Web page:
Trump turns ‘vicious’ and readers debate the Covid-19 vaccine – msnNOW

a man standing in front of a crowd: President Donald Trump arrives to speak at a rally at Xtreme Manufacturing, Sunday, Sept. 13, 2020, in Henderson, Nevada.

© Andrew Harnik/AP President Donald Trump arrives to speak at a rally at Xtreme Manufacturing, Sunday, Sept. 13, 2020, in Henderson, Nevada.

President Donald Trump’s reelection campaign may be the least truthful and most divisive in modern American history.

In recent days, the President has accused Democratic nominee Joe Biden of being mentally “shot” and “on drugs,” and implied that the 77-year-old will not be fit to serve within a month of taking office — a crude attack on a rival only three years his elder. His disparagement of Democratic vice presidential nominee Kamala Harris has taken an increasingly racist and sexist tone. And during a riotous campaign swing, he claimed Democrats generally want to “lock law-abiding Americans in their homes.”

Trump is also escalating false claims that the election will be rigged, claiming that mail-in voting is “unconstitutional” — an outright lie. And he’s resorting to ever-more inflammatory rhetoric to scare up the votes of White suburbanites: “Does anybody want to have somebody from Antifa as a member, as a resident of your suburb? I don’t think so,” Trump said Thursday, conjuring a fantasy of picket-fenced suburbs under invasion.

What is he up to? Of course, Trump loves saying outrageous things to get a rise from crowds. But he also needs to win over more voters than the typical 42% or so who think he’s doing a great job. And his turn toward the unhinged reveals a huge bet at the center of his reelection bid.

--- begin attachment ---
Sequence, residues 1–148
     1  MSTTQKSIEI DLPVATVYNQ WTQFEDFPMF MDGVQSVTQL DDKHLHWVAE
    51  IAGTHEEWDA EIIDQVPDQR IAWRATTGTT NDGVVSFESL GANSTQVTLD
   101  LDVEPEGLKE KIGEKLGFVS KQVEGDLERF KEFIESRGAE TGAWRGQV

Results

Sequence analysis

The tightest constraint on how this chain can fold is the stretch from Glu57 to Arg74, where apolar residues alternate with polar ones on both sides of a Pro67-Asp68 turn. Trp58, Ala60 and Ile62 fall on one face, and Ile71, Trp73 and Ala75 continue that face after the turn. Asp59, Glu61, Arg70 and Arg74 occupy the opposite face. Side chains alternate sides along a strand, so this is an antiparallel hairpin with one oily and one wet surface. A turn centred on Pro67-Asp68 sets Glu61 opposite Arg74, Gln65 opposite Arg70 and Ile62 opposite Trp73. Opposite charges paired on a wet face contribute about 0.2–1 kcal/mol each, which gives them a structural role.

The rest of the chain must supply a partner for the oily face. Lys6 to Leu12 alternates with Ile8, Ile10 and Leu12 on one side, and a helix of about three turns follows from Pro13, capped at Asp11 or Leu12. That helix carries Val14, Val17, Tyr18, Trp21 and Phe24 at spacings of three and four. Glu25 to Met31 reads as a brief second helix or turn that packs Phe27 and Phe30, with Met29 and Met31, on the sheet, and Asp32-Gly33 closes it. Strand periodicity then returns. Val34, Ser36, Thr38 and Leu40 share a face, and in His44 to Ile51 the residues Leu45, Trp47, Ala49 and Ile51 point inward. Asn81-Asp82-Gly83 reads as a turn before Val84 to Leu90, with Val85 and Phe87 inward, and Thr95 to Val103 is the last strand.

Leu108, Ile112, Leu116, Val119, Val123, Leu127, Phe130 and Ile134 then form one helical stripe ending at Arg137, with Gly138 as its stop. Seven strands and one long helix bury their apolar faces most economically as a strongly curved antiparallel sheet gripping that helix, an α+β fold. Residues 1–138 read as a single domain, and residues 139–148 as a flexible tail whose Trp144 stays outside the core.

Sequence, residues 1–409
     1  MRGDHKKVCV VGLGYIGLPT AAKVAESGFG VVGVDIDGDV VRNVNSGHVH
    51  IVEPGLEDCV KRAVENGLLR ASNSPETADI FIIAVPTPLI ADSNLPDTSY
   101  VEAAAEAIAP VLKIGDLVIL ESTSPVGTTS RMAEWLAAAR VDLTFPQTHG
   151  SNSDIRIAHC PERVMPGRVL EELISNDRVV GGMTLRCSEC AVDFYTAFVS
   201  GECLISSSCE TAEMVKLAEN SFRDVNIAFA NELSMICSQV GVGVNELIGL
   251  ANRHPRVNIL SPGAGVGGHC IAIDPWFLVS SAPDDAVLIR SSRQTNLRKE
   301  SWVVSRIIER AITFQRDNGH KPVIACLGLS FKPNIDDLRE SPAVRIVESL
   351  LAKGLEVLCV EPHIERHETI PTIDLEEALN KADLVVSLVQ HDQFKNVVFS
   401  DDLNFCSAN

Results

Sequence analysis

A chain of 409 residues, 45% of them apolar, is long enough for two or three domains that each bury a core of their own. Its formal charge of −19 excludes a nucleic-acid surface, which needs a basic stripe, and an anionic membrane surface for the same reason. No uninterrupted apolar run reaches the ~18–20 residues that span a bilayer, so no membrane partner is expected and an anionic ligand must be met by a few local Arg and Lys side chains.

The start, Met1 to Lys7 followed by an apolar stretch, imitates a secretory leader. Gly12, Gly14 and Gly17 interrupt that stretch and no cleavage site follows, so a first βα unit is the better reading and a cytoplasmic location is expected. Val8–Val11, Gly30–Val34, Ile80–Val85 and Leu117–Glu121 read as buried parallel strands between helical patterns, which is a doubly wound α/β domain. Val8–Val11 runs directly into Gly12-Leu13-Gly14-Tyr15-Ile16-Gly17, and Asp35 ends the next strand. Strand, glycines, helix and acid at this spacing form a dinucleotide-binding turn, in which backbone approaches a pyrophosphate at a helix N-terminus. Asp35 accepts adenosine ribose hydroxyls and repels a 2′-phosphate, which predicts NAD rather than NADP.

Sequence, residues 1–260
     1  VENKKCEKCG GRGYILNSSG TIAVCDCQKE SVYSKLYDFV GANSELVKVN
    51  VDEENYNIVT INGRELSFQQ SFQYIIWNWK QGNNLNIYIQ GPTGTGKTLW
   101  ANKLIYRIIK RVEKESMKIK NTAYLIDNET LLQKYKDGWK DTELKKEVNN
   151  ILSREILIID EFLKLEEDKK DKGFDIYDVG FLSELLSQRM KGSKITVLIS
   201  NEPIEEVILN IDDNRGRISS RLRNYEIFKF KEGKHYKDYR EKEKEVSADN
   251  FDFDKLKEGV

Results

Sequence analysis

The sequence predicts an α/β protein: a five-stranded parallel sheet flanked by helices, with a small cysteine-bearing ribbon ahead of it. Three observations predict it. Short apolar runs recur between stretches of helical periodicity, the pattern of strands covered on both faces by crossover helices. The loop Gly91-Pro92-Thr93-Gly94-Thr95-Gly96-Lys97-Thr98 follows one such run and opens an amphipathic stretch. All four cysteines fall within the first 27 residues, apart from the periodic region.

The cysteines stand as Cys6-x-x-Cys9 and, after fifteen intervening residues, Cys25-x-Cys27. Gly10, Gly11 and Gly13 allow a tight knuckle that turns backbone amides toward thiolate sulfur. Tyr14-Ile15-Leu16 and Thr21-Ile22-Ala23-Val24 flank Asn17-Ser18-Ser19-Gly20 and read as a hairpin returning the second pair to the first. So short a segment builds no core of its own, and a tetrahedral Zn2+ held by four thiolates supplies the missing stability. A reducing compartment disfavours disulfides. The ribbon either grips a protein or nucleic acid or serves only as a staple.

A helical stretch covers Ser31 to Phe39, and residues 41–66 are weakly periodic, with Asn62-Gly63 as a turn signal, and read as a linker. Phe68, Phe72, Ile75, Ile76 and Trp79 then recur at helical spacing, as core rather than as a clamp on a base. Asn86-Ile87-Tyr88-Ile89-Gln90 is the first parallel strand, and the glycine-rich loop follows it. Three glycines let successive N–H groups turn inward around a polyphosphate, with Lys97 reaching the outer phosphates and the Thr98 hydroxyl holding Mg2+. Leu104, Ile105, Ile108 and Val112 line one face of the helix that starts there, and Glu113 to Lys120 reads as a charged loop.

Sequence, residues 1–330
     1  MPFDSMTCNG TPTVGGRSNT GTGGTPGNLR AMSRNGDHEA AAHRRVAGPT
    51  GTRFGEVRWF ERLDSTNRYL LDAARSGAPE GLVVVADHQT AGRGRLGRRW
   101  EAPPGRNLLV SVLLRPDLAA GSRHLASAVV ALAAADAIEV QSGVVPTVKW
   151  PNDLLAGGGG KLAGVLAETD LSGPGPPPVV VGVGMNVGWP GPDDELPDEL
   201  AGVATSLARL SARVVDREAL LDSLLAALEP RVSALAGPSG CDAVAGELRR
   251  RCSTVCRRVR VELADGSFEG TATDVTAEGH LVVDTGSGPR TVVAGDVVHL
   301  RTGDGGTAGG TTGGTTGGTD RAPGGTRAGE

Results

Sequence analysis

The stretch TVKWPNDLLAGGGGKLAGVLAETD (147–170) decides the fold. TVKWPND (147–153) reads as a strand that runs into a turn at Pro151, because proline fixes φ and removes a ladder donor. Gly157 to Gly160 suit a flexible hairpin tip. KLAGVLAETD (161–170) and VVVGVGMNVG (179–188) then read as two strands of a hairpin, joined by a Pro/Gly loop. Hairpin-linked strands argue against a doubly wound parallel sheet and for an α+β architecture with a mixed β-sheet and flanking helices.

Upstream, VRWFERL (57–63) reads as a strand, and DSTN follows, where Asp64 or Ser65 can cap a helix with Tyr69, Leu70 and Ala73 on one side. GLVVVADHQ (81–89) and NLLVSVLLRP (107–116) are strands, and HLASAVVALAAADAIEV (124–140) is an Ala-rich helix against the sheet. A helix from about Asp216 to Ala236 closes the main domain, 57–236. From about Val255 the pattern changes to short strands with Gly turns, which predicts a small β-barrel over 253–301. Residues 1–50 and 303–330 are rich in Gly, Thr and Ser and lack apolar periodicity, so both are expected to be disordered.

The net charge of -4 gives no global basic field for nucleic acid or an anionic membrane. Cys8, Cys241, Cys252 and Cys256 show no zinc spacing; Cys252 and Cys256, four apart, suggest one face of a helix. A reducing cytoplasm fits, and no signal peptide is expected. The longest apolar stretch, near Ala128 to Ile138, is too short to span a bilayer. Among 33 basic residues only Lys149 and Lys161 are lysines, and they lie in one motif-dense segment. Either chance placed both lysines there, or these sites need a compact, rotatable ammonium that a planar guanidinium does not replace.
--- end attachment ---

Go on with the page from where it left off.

Portraying America as a land in flames and inciting racial divides may not win the moderate middle, but the Trump campaign believes there could be millions of Americans who quietly identify with his tribalism and extreme rhetoric — and who will show up to vote in November instead of taking a pass as normal. It’s a long shot, but if they are right, all the polls showing Biden as the frontrunner could be shown to have made false assumptions about the electorate.

We’ll find out in 50 days.

‘Now I can be really vicious’

Despite his flame-thrower rhetoric, Trump says it’s Democrats who’ve crossed the line. On the campaign trail this weekend, the President complained that Democrats had been unfair to him by seizing on his reported remarks that US war dead in France were “losers” and “suckers.” “Pathetic Joe, he’s a pathetic human being to allow that to happen,” Trump said at a rally in Nevada Saturday night, concluding: “Now I can be really vicious.”

Spot the difference

On Sunday, Trump held his first fully indoor rally in months— a choice expected to violate the state of Nevada’s coronavirus restrictions on large gatherings.

Huge crowds might also have been expected in US football stadia, which hosted the first games of the season on Sunday — but the NFL took a different tack, telling fans to stay home for their own safety. Above, Levi’s stadium in Santa Clara, California, where the San Francisco 49ers played the Arizona Cardinals.